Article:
Author: Stephen R Covey
Narrated By: Stephen R Covey
Favorite Quote: “Admission of ignorance is often the first step in our education.” I have consistently seen some of the best businessmen I know readily admit they didn’t understand something and ask for it to be explained, and I have seen them consistently use that behavior regardless of who else was in the audience.
Second Favorite Quote: “Management is efficiency in climbing the ladder of success; leadership determines whether the ladder is leaning against the right wall.” This might be the best way I have ever heard the difference between management and leadership summarized.
Summary: I certainly consider this book to be one of the “classics” of my non-fiction reading list. There are definitely some nuggets of knowledge in this book even if I don’t consider it to be in my top 10. The title of the book does an apt job of describing its contents, which for the most part I agree with. Having said that, I would be surprised if I ever gave this book a second read.
Habit 1 : Be Proactive
I cannot think of anything that has a had a bigger impact on my life then simply being proactive, so I certainly believe in this habit. Throughout life, we will all find ourselves in a variety of challenging circumstances, and when we do we have a choice to “Wait & See” or to “Take Action!” I have a strong bias toward taking action and actively encourage the people in my circle to do the same.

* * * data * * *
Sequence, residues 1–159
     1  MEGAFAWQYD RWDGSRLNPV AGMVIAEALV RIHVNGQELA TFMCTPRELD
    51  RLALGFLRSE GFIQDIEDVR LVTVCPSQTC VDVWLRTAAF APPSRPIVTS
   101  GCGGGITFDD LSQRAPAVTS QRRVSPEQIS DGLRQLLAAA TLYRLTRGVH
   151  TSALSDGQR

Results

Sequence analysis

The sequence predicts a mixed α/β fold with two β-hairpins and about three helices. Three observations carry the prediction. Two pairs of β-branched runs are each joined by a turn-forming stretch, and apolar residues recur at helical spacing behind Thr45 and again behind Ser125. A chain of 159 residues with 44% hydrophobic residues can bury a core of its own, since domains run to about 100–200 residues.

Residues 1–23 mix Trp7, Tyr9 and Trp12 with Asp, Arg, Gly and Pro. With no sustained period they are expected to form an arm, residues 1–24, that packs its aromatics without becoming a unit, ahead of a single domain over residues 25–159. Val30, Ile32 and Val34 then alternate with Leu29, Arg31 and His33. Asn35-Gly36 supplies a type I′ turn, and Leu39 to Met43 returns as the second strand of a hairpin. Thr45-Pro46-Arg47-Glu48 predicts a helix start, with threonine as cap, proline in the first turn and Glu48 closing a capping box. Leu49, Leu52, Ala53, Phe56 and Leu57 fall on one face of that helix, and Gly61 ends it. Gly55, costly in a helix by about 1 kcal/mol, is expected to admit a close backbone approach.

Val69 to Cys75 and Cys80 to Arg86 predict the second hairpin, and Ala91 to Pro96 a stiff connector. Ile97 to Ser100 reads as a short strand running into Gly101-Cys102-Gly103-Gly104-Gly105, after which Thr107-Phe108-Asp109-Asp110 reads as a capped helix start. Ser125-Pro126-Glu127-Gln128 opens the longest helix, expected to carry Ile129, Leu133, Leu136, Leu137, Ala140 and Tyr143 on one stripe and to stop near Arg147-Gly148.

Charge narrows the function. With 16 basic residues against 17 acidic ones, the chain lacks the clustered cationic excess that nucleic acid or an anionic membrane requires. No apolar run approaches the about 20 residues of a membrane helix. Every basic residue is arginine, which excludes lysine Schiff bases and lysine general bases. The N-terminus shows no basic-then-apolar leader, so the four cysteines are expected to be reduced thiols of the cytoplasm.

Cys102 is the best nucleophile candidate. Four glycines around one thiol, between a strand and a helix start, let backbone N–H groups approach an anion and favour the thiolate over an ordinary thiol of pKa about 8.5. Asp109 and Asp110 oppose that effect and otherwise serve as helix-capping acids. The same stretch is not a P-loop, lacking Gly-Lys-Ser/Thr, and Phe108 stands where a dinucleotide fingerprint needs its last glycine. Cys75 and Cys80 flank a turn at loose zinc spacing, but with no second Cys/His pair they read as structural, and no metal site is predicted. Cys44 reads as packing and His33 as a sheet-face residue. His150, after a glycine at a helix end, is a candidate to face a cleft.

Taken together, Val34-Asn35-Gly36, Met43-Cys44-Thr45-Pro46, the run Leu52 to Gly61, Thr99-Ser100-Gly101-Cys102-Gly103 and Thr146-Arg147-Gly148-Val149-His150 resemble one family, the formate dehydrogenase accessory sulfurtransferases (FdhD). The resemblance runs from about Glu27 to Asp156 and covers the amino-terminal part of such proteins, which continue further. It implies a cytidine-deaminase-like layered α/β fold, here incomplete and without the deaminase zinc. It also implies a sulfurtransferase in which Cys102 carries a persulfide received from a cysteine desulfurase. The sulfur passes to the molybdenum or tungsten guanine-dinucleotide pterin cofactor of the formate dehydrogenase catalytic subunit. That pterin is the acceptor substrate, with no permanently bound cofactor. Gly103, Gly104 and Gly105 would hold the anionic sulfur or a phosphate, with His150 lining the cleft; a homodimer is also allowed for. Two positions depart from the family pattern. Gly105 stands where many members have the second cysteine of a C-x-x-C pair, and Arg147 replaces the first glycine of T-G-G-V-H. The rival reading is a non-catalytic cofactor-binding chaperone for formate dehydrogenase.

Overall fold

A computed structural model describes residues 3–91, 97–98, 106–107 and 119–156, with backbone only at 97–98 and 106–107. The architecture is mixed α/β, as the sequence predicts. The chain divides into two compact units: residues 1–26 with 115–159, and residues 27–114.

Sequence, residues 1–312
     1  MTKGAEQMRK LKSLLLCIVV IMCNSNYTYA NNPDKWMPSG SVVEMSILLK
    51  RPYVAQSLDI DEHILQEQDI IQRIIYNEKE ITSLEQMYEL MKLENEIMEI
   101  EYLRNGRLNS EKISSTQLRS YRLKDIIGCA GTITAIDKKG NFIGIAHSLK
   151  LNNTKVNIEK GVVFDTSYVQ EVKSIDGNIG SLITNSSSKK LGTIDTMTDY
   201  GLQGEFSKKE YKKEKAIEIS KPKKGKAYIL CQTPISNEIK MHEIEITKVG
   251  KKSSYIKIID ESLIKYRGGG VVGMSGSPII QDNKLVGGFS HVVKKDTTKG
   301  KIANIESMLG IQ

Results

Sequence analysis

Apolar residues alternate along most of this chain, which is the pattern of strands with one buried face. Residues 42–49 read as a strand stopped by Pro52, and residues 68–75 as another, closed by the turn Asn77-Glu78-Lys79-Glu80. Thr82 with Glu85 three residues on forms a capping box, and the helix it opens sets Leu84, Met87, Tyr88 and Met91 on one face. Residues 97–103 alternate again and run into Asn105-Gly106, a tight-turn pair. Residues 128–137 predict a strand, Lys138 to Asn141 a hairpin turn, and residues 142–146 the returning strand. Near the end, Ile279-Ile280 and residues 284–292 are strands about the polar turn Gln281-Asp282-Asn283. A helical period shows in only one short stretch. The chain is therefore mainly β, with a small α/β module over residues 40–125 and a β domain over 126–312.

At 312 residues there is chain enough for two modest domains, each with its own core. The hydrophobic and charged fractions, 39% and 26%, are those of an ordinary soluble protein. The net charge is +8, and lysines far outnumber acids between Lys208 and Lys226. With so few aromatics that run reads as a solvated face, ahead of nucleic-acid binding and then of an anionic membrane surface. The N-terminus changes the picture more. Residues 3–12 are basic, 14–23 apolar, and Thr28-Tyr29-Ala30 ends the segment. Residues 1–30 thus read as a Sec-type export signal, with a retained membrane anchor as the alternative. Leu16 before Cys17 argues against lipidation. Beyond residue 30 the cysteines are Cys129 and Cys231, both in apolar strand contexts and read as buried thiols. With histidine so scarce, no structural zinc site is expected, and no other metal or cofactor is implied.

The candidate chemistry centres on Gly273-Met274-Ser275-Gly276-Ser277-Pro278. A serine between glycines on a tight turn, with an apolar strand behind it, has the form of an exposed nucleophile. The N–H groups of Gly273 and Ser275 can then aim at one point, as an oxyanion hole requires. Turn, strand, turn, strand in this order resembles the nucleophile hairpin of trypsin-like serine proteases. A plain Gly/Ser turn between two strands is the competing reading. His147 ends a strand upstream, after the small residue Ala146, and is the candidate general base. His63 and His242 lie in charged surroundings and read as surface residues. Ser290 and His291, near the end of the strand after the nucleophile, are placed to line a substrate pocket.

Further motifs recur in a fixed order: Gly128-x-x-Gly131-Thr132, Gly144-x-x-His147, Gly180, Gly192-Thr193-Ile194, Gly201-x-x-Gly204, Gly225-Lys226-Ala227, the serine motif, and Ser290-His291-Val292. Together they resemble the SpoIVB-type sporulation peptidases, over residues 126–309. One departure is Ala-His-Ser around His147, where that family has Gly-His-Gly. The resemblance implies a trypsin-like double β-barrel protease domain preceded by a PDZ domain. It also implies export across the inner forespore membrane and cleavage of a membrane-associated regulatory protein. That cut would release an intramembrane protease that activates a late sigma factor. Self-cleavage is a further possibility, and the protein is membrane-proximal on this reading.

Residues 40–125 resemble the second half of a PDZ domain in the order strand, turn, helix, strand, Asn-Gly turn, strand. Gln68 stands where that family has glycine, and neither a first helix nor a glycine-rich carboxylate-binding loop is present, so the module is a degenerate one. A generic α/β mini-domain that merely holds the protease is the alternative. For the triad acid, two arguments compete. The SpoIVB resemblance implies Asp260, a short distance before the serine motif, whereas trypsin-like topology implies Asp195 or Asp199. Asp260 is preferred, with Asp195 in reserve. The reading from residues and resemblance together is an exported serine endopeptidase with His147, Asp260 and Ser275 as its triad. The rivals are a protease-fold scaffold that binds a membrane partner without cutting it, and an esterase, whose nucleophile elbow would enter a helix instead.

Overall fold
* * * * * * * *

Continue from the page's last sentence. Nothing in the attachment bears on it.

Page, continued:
Habit 2: Begin with the End in Mind
Dr Covey’s take on this is rooted in a visionary and long term view of what is important in our lives as well as where we want to end up. While that is certainly wonderful advice, I tend to find myself using this habit more when reminding myself the” importance of achieving a specific result,” and that sometimes the result can only be achieved if I am willing to sacrifice my original vision of what is required to bring the result to reality.
Habit 3: Put First Things First
This is all about prioritization, and making sure that we are getting the most value out of our time. At Staley, we use the term “High Payoff Activity” or “HPA” to describe the most important activities we should be focusing our time on. It is easy to get distracted. It makes complete sense to apply the same logic to our personal lives. However, it is tough to do this if we haven’t embraced Habit 2.
Habit 4: Think Win-Win
I am not a big fan of this phrase, but to Covey’s defense, I don’t think it was quite the buzzword in 1989. Having said that I am a big believer in the concept. “Win-Win,” means that life isn’t a zero sum game. We can each have larger pieces of the proverbial pie if we figure out how to grow the pie. Having said that, it is easy to get trapped in the “Win-Lose” mindset, and I have to sometimes remind myself that the success of someone else is doesn’t equal a failure for me.
Habit 5: Seek First to Understand, Then to Be Understood
This habit really stuck out with me. Nobody would ever accuse me of being a great listener, however, I am committed to becoming one. Making a point of truly trying to understand what somebody is trying to communicate to me before I try to figure out how to respond is pure gold in my mind.
Habit 6: Synergize
Speaking of buzzwords, this one is a dandy. I probably got the least out of this section of the book. I am a big believer in the value of a strong team and of teamwork. I also think it is very important to keep an open mind. But, I also don’t immediately favor the notion that “two heads are better than one.”
Habit 7: Sharpen the Saw
Here is a habit that I absolutely agree with. It is absolutely crucial to nurture and grow ourselves throughout our lifetimes. It is equally important not to neglect any one area of oneself ( physical, social, mental, or spiritual.) The habit of Sharpening the Saw fits right in with my goal of being an Renaissance Man.